Jesus Wept 2

When Jesus arrived, he found that Lazarus had already been in the tomb for four days.

We may wonder sometimes if Jesus knows our grief. We forget that he is just as human as we are. When Martha goes out to meet Jesus, she is meeting with a dear friend. Unsettled, with mixed thoughts and feelings, she tells the Lord, “If you had been here, my brother would not have died.” It can sound almost as though she is reprimanding him. But her frankness over her frustration really shows how close she is to him, and him to her.  More…

The Gospel of “Whatever!” Who Are You in Today’s Gospel? Reply

Part 1: Let us go and die with him…

"Let us go back to Judea…"

“Let us go back to Judea…”

Today’s Gospel (John 11:1-45) is the longest of the year, after the reading of the Passion on Palm Sunday and Good Friday. There is so much to consider in this Gospel passage that it would be too much to try and cover it in one post, which is why I decided to divide this reflection in two parts. Today and tomorrow, I invite you to slip your feet in a pair of dusty sandals and place yourself on scene with the other characters in the Gospel. Identify with them, be one of them, and ask yourself, “Who am I in today’s Gospel?” More…

Christ’s Unlikely Messengers 10

Corpus AngleThe Gospels readings for the 3 Sundays leading up to Palm Sunday have something peculiar in common — unlikely emissaries of the Gospel. The Samaritan woman at the well, the man born blind, and this week’s spotlight guest in particular, a dead man, are not the first people we would choose to preach the Good News.

Yet these are the people God chose. Clearly, God can choose anybody he wants to be his messenger.  More…

Married Couples Are an Icon of God’s Love 2

Christian spouses receive a special consecration and a special mission.

Christian spouses receive a special consecration and a special mission.

From the Pope’s General Audience on April 2:

“Married couples carry out this vocation in a full and definitive communion of life. As ‘one flesh,’ they become living icons of God’s love in our world, building up the Church in unity and fidelity.” — Pope Francis

Yesterday, the Pope concluded his Catechesis on the Sacraments with a reflection on marriage as a unique vocation and noble sign of God’s love in the world. Here is the full text available on vatican.vaMore…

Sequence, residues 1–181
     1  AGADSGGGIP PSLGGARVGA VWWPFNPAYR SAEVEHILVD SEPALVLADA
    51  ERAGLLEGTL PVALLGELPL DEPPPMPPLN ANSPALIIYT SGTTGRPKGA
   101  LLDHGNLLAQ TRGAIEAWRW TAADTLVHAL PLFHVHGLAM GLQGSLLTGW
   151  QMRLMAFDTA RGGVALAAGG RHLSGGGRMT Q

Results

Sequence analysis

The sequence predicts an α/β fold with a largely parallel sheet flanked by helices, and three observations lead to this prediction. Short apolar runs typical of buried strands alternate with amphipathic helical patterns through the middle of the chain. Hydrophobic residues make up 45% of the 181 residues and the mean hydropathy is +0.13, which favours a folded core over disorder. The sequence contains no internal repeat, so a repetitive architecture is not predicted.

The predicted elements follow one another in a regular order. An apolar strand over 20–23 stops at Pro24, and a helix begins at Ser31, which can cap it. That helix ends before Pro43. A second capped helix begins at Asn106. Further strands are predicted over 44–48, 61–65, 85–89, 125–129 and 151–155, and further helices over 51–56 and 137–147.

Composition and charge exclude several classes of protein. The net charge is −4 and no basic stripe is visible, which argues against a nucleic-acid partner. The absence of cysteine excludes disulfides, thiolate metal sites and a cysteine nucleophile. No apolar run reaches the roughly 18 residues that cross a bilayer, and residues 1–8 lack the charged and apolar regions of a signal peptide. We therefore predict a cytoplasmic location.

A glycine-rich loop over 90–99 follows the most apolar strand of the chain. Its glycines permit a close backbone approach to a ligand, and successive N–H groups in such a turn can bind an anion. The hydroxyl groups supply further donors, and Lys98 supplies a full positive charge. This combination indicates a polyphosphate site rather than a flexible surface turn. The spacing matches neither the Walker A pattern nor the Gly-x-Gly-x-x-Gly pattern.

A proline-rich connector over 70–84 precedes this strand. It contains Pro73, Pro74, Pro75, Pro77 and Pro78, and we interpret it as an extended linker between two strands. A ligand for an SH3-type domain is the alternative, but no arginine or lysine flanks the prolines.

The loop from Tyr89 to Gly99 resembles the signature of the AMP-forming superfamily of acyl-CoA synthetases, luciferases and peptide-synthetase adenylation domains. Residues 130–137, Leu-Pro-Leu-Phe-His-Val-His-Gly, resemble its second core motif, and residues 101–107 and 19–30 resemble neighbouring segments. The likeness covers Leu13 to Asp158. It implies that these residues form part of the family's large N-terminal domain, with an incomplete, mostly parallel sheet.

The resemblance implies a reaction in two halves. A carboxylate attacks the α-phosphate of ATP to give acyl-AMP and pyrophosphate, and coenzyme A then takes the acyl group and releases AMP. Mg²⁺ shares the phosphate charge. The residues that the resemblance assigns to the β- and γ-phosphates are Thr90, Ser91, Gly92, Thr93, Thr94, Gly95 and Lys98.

Praying When We’re Busy (And We’re All Busy) 10

Fr Jason Smith

Fr Jason Smith

I went to Manhattan yesterday to get a wisdom tooth pulled. Thankfully the dentist was so adroit I was left with an hour or two of leisure to snap pictures of the city and Grand Central as I waited for the train.

As I snapped shots here and there I couldn’t help but observe the energy of the city. I kept thinking to myself, “No wonder it is so hard to stop and pray.” On the train ride home I put down the camera and picked up the pen to jot down a few notes–both to remind myself and to help others–on how to pray amid our busy life. More…

Are People Fundamentally Good? 5

Here’s a good one for April Fool’s Day. How do you answer this question: Are people fundamentally good or are they naturally bad?

Why do we pity the fool?

Why do we pity the fool?

I’m going to play the naïve Rousseauean, instead of the devil’s advocate, and say people are good, society corrupts. You are probably going to disagree with me, but I think there is a case to be made here. I won’t simply embrace the noble savage in the end, because I really don’t think the answer to this question is all black and white. It certainly isn’t as simple as the following video makes it out to be. Or is it? You be the judge… More…

Remove All Obstacles to Find Your Joy 6

"While I am in the world, I am the light of the world."

“While I am in the world, I am the light of the world.”

One of the reasons this Sunday’s Gospel reading is my favorite is all the little quirks you find in the original Greek text. This passage is full of them (John chapter 9).

Now people tend to get intimidated and annoyed when I start doing Greek on them, so I’m going to spare you that this time. I’ll just explain a couple of those issues without getting philological (i.e., getting geeky over nitty-gritty language details).

The first quirky Greek thing that strikes me when I read this passage is the repetition of the verb “open.” More…

Laetare Sunday Challenge, Rejoice in Your Brother’s Triumph 8

This Sunday’s Gospel (John Chapter 9), Jesus’ healing of the man born blind, is my favorite passage of the whole Bible. I love the way this scene in Franco Zeffirelli’s Jesus of Nazareth captures the story’s full  range of emotions and contrasts the self-absorbed pharisees with the exuberant joy everyone else feels, and should be feeling, over the blind man’s miraculous healing. This scene highlights the essence of Laetare Sunday Joy by juxtaposing it with the type of attitude we must overcome to experience the joy Christ wants for us.  More…

Reflections on Confession and Rembrandt’s “Return of the Prodigal Son” 20

By Fr Jason Smith

A few weeks back I was hearing confessions in an old, cold, and rather uncomfortable confessional, the kind that our forefathers once used with a screen and two wooden doors, one on either side, so that the priest can slide them closed and the person on the right can’t hear what the person on the left is saying, or vice versa. More…